Change without force

In the February issue of Transcript, the ODOT Newsletter, Pieter Wykoff addresses the art of compromise – how ODOT and the Ohio Contractors Association applied it to the long-standing issue of force account limits and how their efforts will benefit motorists throughout Ohio. Here is an excerpt of Mr. Wykoff’s article.

If you follow national politics at all, with all the talk of fiscal cliffs and debt limits, you might notice the absence of a certain idea from our political discussions: Compromise. One definition of the word is to make a deal between different parties, where each gives up a part of their demands for the good of all involved. Another definition of the concept is finding agreement in the course of an argument through communication — a mutual acceptance of terms often involving variations from an original goal or desire.

“We’ve been fighting with ODOT over force account limits for nearly a century,” says OCA President Chris Runyan. He’s not kidding. The proof is in a 1928 annual report published by the Ohio Department of Highways.  It contains a debate on the use of day labor for projects versus contracting outside sources. The current law limits department personnel to bridge, culvert and traffic signal projects costing less than $50,000 and road repair projects costing less than $25,000.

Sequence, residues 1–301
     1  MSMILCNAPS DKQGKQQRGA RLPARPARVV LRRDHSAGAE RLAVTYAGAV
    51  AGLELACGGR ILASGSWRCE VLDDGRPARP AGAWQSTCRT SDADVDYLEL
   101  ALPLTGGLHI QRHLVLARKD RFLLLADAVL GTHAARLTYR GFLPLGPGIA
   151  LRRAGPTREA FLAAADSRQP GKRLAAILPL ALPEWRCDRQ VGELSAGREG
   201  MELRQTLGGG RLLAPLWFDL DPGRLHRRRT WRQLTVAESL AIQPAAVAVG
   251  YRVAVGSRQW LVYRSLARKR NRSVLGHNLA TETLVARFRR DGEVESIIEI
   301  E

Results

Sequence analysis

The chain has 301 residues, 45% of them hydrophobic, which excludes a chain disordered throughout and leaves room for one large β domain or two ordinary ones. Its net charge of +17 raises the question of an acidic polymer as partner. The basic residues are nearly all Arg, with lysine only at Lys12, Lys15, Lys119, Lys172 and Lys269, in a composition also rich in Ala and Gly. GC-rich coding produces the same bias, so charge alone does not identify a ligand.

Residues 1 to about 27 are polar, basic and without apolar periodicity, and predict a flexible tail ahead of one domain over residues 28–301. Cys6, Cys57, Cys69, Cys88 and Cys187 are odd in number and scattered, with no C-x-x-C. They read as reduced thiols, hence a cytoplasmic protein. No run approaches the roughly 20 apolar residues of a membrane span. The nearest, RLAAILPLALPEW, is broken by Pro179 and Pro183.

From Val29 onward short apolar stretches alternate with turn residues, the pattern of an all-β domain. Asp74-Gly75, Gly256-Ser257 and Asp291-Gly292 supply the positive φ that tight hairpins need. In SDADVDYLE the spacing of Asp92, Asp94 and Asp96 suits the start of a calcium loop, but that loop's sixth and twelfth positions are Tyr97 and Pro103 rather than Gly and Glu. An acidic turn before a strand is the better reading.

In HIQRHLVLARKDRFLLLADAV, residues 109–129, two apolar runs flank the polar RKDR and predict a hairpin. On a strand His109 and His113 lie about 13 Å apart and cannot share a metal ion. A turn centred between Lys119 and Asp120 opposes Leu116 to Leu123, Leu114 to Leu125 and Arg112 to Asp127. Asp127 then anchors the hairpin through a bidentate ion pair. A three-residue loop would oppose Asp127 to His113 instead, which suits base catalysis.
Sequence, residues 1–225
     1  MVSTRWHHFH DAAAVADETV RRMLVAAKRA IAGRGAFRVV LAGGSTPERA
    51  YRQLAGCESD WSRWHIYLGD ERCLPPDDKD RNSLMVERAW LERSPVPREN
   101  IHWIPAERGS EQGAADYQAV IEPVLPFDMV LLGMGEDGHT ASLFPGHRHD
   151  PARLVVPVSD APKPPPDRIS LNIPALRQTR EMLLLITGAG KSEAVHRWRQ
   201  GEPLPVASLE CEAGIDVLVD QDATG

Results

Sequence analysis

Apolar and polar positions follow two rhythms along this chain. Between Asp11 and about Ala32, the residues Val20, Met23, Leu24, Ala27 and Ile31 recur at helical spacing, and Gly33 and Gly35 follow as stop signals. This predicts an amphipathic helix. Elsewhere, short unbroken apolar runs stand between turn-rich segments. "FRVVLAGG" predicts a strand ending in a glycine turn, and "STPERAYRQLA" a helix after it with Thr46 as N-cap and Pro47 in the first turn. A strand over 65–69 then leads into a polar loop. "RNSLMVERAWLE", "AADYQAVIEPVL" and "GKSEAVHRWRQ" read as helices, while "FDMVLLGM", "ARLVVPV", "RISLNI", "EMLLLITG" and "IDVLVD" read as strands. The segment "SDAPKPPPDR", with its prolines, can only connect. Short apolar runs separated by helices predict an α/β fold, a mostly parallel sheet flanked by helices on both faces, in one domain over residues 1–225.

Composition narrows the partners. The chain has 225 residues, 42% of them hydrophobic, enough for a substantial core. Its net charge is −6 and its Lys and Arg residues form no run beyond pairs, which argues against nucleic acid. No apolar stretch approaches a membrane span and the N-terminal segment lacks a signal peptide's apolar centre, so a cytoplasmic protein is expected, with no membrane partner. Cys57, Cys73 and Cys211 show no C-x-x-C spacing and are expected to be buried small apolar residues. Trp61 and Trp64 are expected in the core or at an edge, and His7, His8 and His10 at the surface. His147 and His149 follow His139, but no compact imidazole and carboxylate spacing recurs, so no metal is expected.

“The current process is very subjective, depending on how you measure labor costs and the cost of equipment and materials,” Runyan said. “Every four years or so we have a very public battle in the Ohio Legislature with ODOT and other public entities about the force account limits and how they should be applied. Our members are tired of this fight.”

And so it was that Runyan decided to approach ODOT officials to see if both sides could negotiate a more objective process. He decided to propose a radical idea: a compromise. “We were looking for a different paradigm,” he said, “so that both our members and ODOT could say it will be a win-win situation for everybody.”

Runyan discovered that ODOT officials were willing to talk terms as well.

Read the full text of Mr. Wykoff’s Transcript article here.

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